There’s only so many dank places you can hide out in before someone comes looking for you, and when they do, it’s often bad news. But I had managed to go on a bit of a tear recently, and was avoiding a short detox because I wasn’t ready to think about what was really going on. When you try to make a list of everything that’s been happening recently, all too quickly it gets out of hand. Sometimes, the drink in front of you is much easier to sort out.
Or, for that matter, the night life that goes on in any given town. This is, after all, America, or at least what’s left of it, and as long as there is a song to be heard, I remain powerful, and ready to take on the world. Having already undertaken this quixotic life thus far, it made little sense for me to try and ignore these kinds of opportunities when they arose. The booze was one thing, for sure. But you got booze in these night clubs, with music and girls and dancing and magic. If you drive around long enough with the windows rolled down you can feel the bass intermix with the smell of the moon and smoke on the horizon.
The bass begins to become more distinct as I turn the wheel of my car. The other instruments begin to come into the mix as I use my turn signals, my head spinning as I try to pinpoint the location. Like an sudden rendezvous, the tension builds almost suddenly as I realize I’m getting incredibly close, but then one final turn of the wheel and the song kicks into high gear, the neon and the leather and the hair and the smoke and the glasses filled with high powered alcohol and a band on stage kicking out the jams. I could feel both my libido and my mana pulsing, as energy crackled along my arms.
I rolled a cigarette and infused it with some of the bridge of the song, and thumbed my phone for a second until I was able to sort out where I was and what was going on. The Fixin’ To bar. Stiff drinks, deep fried and down home menu, with a thick layer of hipsters and aging rockers who show up for the Patio Shows, where a band and thirty friends can enjoy an evening. Swarming around the joint were every manner of woman, dolled up and beautiful. Rock music was best used to fuel glamour magic, and I cast a few change of outfit spells before I decided to keep my usual square coat and hat. My usual ruffled bow ties and earnest middle-agedness often made me stick out like a sore thumb, but it never stopped me from enjoying a nice string of evenings where I could chat up pretty girls, get bombed on bourbon, and watch some local band kick out the jams before everyone crawled home.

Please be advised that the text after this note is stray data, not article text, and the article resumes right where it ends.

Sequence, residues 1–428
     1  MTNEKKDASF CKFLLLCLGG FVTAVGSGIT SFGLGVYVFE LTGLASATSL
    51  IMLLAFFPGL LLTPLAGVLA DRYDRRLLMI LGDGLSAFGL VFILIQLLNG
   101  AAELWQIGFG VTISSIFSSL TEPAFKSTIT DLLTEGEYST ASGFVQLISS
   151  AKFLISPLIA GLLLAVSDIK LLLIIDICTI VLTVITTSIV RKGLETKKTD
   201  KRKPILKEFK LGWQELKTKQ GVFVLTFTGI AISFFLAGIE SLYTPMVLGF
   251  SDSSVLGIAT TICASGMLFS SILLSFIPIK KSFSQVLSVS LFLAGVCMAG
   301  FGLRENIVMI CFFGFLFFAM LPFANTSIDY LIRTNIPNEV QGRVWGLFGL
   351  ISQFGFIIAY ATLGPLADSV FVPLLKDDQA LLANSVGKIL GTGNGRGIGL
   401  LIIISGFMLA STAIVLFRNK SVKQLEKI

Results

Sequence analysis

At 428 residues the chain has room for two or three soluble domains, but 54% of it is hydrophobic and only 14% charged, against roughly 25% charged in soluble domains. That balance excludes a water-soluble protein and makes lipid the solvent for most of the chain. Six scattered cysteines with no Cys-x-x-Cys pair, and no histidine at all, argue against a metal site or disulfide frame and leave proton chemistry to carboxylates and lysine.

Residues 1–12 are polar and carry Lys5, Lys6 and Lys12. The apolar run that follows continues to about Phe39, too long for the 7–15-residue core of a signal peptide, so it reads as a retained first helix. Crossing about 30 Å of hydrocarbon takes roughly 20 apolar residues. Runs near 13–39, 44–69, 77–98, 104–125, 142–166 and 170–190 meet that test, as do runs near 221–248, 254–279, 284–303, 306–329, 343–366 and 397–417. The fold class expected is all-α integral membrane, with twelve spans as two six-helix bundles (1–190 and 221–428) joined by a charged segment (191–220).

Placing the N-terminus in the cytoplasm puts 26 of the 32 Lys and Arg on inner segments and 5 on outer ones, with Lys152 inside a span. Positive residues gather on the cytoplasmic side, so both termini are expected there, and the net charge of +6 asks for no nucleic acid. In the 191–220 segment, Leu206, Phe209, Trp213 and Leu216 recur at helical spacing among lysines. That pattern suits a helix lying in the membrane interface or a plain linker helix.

It certainly beat the hell out of dealing with what had happened.
I knew enough people that it was inevitable I could keep the party going all night, and I had enough folding money to ignore things for as long as my body could take. I drove recklessly, using magic to “sober me up,” chasing the next party, the next DJ, the next show, skipping the all-ages crap in search of some bar where I can hunker down and try to wet both of my whistles. But I never managed more than a few indiscreet rendezvous that were more sloppy than satisfying, and in my state, it was probably for the best that most of my texts and calls were ignored. I had thrown myself at the mercy of rock and roll, and it was a convenient way to ignore pretty much every, health and hygiene included.
After nearly a week of this kind of behavior I was in pretty deep, running a number of spells to act as outboard memory as I invented new ways of reaching alcoholic bliss, I found myself at some experimental dance night at Plew’s, when the girl I was offering to split a joint with was in fact Suzanne, someone I’d been intentionally avoiding so much so that I had inadvertently convinced myself she was someone else, and masked her magically when she first walked in. I’d rather not repeat our short but blunt conversation out of respect for whatever dignity I might have been able to hold onto after I performed a light-show outburst of spells and weirdness that was so powered by the one-man-band’s electronic music that the entire place was in awe. No amount of fighting with Suzanne could dissuade the owner from trying to work out a deal for future shows with me, nor did it stop Suzanne from convincing everyone that they needed to load me into her car so she could drive me back to the Record Store.
I applaud her for these efforts, because I intentionally don’t deal with myself when I that drunk, and Suzanne was not only brave enough to get me into the office, and up to my bedroom, but also finally took me up on the joint just so she could calm me down enough to stop having magical outbursts, and start thinking about things rationally. After I made the worst pass at a woman I have ever made, she put me to bed, cleaned my room, hid all the alcohol and pot, and turned on some sleepy drone music that had me out like a light in minutes.
I had wholly inappropriate dreams about every woman I knew and woke up twice in the middle of the night to relieve myself from them. The next few days were spent eating Thai food, binge watching TV, and feeling incredibly guilty. The text-message fallout – not just from Suzanne, but from the other men and women that I’d run into in the last week – was enough of a deterrent to avoid asking where Suzanne had hidden everything, so much so that I didn’t even look. Instead, an OG Dr. Who marathon coupled with the Pok Pok recipe book keep me busy as I reflected on what I had done.
After a few days of that, I decided to take a shower, put real clothes on, and get back to work.